Tony Benn famously proposed five questions to be asked of anyone who holds power of one kind or another.
One of the many organisations to fail his democracy test at the time was the European Commission. But, since then, the EU treaties have been changed to increase the accountability of the Commission. How would it fare now under Tony Benn’s test?
Let’s ask his five questions.
1. What power have you got?
The power to draft proposals for European legislation, which are then submitted for a decision to the EU Council (made up of ministers from elected governments) and directly-elected MEPs in the European Parliament.
The power to adopt delegated measures to implement such legislation, provided these are not rejected by the Parliament or Council.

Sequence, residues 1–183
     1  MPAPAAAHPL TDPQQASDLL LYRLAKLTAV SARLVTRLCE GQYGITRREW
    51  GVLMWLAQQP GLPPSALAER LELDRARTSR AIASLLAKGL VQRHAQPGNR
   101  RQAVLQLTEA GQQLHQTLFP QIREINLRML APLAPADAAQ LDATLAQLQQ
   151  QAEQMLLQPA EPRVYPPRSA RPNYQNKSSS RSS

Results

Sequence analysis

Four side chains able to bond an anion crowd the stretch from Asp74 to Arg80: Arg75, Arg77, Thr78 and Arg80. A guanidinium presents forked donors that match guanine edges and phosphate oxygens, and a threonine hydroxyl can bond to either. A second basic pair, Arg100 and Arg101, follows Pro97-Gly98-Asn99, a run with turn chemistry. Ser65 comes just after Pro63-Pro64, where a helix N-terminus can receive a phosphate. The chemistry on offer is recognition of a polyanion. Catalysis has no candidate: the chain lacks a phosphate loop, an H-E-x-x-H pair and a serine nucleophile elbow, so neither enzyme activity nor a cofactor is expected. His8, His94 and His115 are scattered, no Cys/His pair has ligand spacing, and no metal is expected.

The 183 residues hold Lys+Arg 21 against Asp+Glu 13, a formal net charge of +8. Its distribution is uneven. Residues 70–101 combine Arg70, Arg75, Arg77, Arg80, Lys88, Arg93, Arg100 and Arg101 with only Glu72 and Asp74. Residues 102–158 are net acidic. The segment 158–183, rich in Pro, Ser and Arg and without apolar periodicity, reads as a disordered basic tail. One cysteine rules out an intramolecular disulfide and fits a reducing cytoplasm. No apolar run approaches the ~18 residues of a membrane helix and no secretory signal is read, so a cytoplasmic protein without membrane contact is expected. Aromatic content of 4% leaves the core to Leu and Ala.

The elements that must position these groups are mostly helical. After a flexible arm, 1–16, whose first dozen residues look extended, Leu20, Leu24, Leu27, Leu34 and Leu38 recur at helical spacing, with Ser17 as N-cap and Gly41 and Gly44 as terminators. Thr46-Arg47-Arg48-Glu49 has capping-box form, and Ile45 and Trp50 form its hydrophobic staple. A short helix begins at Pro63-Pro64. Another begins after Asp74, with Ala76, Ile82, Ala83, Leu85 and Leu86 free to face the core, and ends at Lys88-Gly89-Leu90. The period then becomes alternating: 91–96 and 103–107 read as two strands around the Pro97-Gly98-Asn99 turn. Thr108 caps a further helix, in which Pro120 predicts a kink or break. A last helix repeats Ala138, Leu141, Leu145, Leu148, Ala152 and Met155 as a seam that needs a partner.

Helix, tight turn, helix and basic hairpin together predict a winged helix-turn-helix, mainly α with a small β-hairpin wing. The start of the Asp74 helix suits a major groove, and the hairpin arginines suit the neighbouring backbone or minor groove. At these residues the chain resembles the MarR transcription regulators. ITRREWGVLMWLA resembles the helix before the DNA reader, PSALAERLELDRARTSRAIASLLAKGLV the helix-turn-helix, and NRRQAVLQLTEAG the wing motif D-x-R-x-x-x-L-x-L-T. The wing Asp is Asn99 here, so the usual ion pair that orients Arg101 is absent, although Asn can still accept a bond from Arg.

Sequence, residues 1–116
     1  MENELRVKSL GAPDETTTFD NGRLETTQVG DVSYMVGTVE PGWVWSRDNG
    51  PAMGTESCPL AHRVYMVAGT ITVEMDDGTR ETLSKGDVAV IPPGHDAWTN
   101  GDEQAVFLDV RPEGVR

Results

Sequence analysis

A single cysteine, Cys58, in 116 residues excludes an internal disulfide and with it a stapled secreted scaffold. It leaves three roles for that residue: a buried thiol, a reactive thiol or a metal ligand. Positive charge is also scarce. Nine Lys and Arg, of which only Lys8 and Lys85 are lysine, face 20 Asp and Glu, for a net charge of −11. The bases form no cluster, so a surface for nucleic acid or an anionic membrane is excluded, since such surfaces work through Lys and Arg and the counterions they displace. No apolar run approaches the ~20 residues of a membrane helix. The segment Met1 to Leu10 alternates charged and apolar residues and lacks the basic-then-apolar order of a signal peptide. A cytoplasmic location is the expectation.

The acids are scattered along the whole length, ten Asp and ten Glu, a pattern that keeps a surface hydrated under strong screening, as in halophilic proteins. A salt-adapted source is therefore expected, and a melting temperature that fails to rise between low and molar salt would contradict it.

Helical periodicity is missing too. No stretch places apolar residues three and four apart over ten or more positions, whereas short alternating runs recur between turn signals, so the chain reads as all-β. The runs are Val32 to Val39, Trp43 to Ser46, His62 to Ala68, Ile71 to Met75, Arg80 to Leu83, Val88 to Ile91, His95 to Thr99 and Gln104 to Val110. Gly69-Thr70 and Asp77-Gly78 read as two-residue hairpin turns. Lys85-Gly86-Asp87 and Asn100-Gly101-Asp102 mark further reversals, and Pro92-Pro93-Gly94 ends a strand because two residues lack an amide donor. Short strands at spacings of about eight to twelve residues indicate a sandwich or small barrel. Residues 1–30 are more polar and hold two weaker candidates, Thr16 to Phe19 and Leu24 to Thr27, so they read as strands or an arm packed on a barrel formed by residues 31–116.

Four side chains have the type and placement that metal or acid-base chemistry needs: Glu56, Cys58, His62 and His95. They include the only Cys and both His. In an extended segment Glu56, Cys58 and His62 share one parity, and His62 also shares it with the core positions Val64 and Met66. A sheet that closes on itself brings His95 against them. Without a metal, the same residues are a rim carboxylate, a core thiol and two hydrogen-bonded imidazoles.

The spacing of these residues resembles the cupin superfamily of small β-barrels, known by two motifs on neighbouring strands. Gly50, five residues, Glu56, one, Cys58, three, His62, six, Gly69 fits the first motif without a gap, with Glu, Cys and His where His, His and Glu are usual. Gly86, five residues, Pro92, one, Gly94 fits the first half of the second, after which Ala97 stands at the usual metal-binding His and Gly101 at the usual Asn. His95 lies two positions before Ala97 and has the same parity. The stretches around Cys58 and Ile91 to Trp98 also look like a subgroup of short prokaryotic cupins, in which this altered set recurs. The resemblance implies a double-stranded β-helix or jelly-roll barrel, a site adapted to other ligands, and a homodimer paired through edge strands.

2. Where did you get it from?
The power to make proposals derives from the treaties, which have been approved by the national parliaments of every member country.
The power to adopt delegated measures is conferred in individual pieces of legislation approved by the Council and Parliament. This is a power which either can revoke at any time.
3. In whose interests do you exercise it?
The citizens of all EU countries.
4. To whom are you accountable?
To the European Parliament, elected by all EU citizens. Parliament elects the Commission President, confirms the Commission as a whole, and can dismiss it in a vote of no confidence.
5. How can we get rid of you?
By a vote of no confidence from elected MEPs.
The EU may not be perfect — but it now stands up quite well to Benn’s five tests. I elaborated on this further in my blog post about the so-called democratic deficit.
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